Seoul: Samsung Electronics said on Monday it would invest 5.4 trillion won ($4.3 billion) in green research and development and facilities to make the world’s largest memory chip maker a leading eco-friendly company by 2013.
Of the total, 3.1 trillion won will be spent to develop products which cause less damage to the environment, and the remainder on energy-saving technologies and the environmental improvement of manufacturing facilities, the company said in a statement.
Samsung Electronics did not detail how it would finance the initiatives but had around 5.3 trillion won in cash and cash equivalent at end-March.
“This eco-management initiative will encompass all of our global operations, supply chain, and the complete lifecycle of Samsung products, and by achieving these goals we aim to lead the way in tackling the environmental problems that are facing our planet,” Samsung Electronics’ vice chairman and CEO Yoon-woo Lee said.
Samsung’s plan includes reducing greenhouse gas emissions from manufacturing facilities by 50%, cutting total indirect greenhouse gas emissions from all products by 84 million tons through 2013, and ensuring all of its products are more environmentally friendly by increasing energy efficiency through measures such as cutting standby power consumption.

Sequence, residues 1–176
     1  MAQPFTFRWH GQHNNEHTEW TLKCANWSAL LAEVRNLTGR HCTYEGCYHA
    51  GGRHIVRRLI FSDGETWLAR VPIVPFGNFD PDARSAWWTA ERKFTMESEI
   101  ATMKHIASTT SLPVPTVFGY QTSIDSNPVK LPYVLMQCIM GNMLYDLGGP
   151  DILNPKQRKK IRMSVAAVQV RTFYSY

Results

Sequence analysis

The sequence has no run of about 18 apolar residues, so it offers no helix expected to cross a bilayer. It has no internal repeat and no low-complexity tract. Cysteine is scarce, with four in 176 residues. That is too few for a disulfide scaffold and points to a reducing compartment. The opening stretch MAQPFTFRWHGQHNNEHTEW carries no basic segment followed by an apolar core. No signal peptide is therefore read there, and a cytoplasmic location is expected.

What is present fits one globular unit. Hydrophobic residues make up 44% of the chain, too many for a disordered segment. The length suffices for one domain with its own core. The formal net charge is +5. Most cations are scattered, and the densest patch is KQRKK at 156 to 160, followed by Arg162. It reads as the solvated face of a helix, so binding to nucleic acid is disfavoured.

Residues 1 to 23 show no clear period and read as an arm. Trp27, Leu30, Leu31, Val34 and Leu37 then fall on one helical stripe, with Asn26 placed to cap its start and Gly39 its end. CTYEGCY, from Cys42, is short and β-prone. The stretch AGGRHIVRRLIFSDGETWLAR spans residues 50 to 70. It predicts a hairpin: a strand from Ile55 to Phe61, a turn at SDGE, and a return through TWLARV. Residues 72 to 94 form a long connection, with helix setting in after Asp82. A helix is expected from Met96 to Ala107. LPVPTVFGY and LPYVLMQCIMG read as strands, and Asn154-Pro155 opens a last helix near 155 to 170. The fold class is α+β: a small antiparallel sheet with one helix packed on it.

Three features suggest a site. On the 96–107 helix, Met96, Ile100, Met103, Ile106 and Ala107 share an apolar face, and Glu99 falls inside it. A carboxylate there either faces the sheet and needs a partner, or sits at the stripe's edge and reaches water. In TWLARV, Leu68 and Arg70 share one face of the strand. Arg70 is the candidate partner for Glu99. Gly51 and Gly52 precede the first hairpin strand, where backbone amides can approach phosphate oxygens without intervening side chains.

Samsung’s chip and LCD businesses, major sources of greenhouse gas emissions, will invest “significant” sums to reduce pollution, it said.
Shares in Samsung rose 3 percent on Monday, in line with a 2.7% rise in the KOSPI index.
South Korea has made a major push on environmentally friendly investment in recent weeks.
Earlier this month, the South Korean government said it would invest 107 trillion won, or 2% of its annual GDP, in environment-related industries over the next five years. It also separately said that it aimed to raise 2 trillion won for so-called “green industries” from the private sector.
HSBC estimates that of Asian government’s stimulus packages against the recent credit crunch, spending on green-related investments will account for 20%, or $272 billion. That means more than double the amount earmarked for green projects in the Americas and five times bigger than Europe’s.
A survey last week showed over 80% of 105 South Korean CEOs at major companies plan to invest in environmental technologies and see them as a major business in the long-term.
By 2020, Samsung’s competitor LG Electronics Inc is also aiming to lower its greenhouse gas emission from the production process by 150,000 tonnes compared with its 2008 emission levels, and it will cut the gas emission caused by using LG Electronics’ products down by 30 million tonnes per year.
Hyundai Motor Co, South Korea’s top carmaker and the world’s No.5 carmaker along with affiliate Kia Motors Corp, in early July launched its first hybrid car in the domestic market to satisfy a growing appetite for fuel-saving vehicles and to improve its technology image.